6 Defining a person having ordinary skill in the art (PHOSITA) Ordinary knowledge or expert knowledge? Ordinary knowledge or expert knowledge?

7 How much skilled PHOSITA is? US practice The courts have endowed the PHOSITA with mediocre personality traits; she is conceived of as an entity that adopts conventional approaches to problem solving, and is not inclined to innovate, either via exceptional insight or painstaking labor (Burk and Lemley, 2002) The courts have endowed the PHOSITA with mediocre personality traits; she is conceived of as an entity that adopts conventional approaches to problem solving, and is not inclined to innovate, either via exceptional insight or painstaking labor (Burk and Lemley, 2002)

8 Is PHOSITA the same for all inventions? US practice Courts treat differently non- obviousness in biotechnological (low standard) and software (high standard) inventions (Burk and Lemley, 2002) (Burk and Lemley, 2002)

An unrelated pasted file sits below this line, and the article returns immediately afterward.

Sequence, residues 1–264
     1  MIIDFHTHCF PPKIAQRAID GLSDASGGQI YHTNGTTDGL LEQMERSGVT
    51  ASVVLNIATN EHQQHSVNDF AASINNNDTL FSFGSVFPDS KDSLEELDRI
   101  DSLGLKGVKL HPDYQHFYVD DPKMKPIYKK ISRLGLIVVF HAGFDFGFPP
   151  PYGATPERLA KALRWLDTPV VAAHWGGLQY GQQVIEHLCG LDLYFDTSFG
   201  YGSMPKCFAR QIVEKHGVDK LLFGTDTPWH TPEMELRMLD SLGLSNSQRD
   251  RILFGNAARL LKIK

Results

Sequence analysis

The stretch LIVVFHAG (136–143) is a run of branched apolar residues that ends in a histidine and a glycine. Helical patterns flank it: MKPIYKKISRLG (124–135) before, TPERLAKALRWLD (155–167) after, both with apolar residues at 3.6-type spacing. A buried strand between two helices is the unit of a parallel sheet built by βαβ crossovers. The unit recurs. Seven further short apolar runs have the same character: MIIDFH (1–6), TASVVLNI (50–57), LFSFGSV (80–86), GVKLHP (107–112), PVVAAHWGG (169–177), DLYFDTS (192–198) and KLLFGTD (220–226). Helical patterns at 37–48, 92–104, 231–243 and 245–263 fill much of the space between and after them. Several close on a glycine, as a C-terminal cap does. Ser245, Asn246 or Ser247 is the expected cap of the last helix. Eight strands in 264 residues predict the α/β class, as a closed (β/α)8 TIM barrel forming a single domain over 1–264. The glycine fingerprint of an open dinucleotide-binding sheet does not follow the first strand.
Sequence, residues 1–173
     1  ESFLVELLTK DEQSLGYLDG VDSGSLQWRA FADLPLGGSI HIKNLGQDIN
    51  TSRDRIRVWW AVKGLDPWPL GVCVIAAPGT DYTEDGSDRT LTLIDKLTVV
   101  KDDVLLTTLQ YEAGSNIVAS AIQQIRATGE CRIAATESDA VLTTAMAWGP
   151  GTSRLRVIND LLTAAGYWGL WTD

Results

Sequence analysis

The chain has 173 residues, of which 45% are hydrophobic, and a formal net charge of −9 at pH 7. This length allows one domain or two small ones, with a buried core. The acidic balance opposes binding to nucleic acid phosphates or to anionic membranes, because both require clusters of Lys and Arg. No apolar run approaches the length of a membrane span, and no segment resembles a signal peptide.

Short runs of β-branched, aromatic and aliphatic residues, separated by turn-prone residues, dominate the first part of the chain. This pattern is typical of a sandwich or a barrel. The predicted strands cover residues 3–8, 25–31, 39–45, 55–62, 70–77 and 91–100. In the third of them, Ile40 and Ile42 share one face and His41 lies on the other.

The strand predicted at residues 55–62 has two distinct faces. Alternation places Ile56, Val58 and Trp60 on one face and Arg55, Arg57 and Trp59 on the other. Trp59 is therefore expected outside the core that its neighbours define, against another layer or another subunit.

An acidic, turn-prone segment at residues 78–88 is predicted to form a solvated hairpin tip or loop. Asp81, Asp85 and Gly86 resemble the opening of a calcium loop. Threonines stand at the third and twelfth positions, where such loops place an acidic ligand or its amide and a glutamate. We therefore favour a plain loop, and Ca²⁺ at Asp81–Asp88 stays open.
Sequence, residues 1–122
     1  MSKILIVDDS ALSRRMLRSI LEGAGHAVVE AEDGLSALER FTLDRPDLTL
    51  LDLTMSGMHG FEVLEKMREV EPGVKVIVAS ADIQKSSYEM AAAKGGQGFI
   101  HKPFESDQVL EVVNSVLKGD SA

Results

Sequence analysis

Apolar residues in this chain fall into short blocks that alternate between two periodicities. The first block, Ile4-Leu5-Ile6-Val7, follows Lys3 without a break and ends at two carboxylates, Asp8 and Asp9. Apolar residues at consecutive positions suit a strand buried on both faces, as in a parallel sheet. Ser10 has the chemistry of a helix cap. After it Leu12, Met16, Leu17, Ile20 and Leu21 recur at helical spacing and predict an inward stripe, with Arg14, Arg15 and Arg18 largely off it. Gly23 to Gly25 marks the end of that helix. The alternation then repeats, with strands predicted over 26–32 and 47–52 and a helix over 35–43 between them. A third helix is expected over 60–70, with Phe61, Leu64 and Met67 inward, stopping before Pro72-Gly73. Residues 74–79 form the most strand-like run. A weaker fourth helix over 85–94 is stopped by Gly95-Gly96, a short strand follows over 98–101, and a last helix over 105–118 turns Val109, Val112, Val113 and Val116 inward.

9 Differences within national systems: US example Less than 30% of patents were found valid by courts before CAFC (Jaffe and Lerner, 2004, 105) CAFC reversed 10% of cases that initially found the patent to be valid and 51% of cases where the patent was initially found to be invalid ( )(Cooley, 1989)

10 Is PHOSITA in risk of extinction? Growing role of secondary factors (c Growing role of secondary factors (commercial success, failure of others, long felt need) Non-obvious as equivalent to novel Non-obvious as equivalent to novel

11 In the opinion of the US Federal Trade Commission … “It does not seem sensible to treat an issued patent as though it had met some higher standard of patentability” (FTC, 2003, 10)